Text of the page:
Jubal Early by elycefeliz
"The Creator of the Universe had stamped them, indelibly, with a different color and an inferior physical and mental organization. He had not done this from mere caprice or whim, but for wise purposes. An amalgamation of the races was in contravention of His designs or He would not have made them so different. This immense number of people could not have been transported back to the wilds from which their ancestors were taken, or, if they could have been, it would have resulted in their relapse into barbarism. Reason, common sense, true humanity to the black, as well as the safety of the white race, required that the inferior race should be kept in a state of subordination. The conditions of domestic slavery, as it existed in the South, had not only resulted in a great improvement in the moral and physical condition of the negro race, but had furnished a class of laborers as happy and contented as any in the world."
~ Jubal Early
In 1873, the reorganized Southern Historical Society elected Jubal A. Early president. Early had commanded Confederate forces in the Shenandoah Valley and remained an unabashed and extreme white supremacist. When the Virginia Democratic Party (now renamed "Conservative Party"), home to most ex-Confederates, seated and applauded six African American delegates at its 1871 convention, Early "indignantly stormed out," according to historian Jack P. Maddex Jr. Later, after whites gunned down African Americans in the "Danville Massacre", leading to the reestablishing of Democratic rule, Early warned black Virginians in 1883 that, from now on, "the Negroes must know that they are to behave themselves and keep in their proper places."
His 1873 talk to the Southern Historical Society emphasizes that ex-Confederates and pro-Confederates must write history, or else their cause will be lost. . . . The process of mystifying the "Lost Cause" has begin: Early says the South seceded for "their sacred rights".
Jubal Anderson Early (November 3, 1816 – March 2, 1894) was a lawyer and Confederate general in the American Civil War. He served under Stonewall Jackson and then Robert E. Lee for almost the entire war, rising from regimental command to lieutenant general and the command of an infantry corps in the Army of Northern Virginia. He was the Confederate commander in key battles of the Valley Campaigns of 1864, including a daring raid to the outskirts of Washington, D.C.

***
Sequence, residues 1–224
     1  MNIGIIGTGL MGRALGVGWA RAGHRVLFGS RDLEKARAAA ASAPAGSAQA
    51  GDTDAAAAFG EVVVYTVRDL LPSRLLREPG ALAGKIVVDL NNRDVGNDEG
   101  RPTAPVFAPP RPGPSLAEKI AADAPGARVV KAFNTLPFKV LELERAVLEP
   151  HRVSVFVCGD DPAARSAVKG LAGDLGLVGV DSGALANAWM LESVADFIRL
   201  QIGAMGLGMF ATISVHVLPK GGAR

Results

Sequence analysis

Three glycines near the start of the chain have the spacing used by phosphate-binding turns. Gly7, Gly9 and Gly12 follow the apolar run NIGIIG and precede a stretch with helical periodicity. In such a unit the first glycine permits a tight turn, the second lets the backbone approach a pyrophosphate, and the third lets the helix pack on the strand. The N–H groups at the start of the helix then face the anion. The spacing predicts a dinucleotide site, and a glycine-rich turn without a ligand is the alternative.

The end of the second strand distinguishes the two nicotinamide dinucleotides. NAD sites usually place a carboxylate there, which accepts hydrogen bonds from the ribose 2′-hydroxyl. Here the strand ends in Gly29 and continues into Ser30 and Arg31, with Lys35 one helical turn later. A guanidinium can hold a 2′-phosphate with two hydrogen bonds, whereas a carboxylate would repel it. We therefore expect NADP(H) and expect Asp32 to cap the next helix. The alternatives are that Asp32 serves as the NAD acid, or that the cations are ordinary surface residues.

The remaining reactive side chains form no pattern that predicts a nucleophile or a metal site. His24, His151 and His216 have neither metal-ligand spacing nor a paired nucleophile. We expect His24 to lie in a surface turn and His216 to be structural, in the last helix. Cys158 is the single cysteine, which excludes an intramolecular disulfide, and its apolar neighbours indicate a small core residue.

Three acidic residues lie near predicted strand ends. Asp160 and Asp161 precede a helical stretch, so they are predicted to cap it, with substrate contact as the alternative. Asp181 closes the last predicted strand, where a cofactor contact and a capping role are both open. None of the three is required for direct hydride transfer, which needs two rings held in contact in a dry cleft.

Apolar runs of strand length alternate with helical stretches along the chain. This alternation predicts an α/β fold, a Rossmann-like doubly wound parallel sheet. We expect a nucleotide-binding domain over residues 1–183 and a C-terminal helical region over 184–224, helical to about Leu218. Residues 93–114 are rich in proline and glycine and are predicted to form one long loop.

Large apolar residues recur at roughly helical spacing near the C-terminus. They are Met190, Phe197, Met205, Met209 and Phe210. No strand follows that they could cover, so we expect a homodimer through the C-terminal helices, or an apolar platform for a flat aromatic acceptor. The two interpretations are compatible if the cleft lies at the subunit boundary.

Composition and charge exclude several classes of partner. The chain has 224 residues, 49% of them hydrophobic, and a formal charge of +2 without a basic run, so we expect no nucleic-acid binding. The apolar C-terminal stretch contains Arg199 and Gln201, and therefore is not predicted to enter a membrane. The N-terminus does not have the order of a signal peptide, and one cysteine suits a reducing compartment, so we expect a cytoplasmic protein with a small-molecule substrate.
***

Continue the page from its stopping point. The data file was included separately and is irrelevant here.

The articles written by him for the Southern Historical Society in the 1870s established the Lost Cause point of view as a long-lasting literary and cultural phenomenon.
Early was trusted and supported by Robert E. Lee, the commander of the Army of Northern Virginia. Lee affectionately called Early his "Bad Old Man," because of his short temper. He appreciated Early’s aggressive fighting and ability to command units independently. Most of Early’s soldiers referred to him as "Old Jube" or "Old Jubilee" with enthusiasm and affection. His subordinate generals often felt little affection. Early was an inveterate fault-finder and offered biting criticism of his subordinates at the least opportunity. He was generally blind to his own mistakes and reacted fiercely to criticism or suggestions from below.
When the Army of Northern Virginia surrendered on April 9, 1865, Early escaped to Texas by horseback, where he hoped to find a Confederate force still holding out. He proceeded to Mexico, and from there, sailed to Cuba and Canada. Living in Toronto, he wrote his memoir, A Memoir of the Last Year of the War for Independence, in the Confederate States of America, which focused on his Valley Campaign. The book was published in 1867.
Early was pardoned in 1868 by President Andrew Johnson, but still remained an unreconstructed rebel. In 1869, he returned to Virginia and resumed the practice of law. He was among the most vocal of those who promoted the Lost Cause movement.
Early was an outspoken believer in white supremacy and despised the abolitionists. In the preface to his memoirs, Early wrote about former slaves as "barbarous natives of Africa," whom he believed were "in a civilized and Christianized condition" as a result of their enslavement.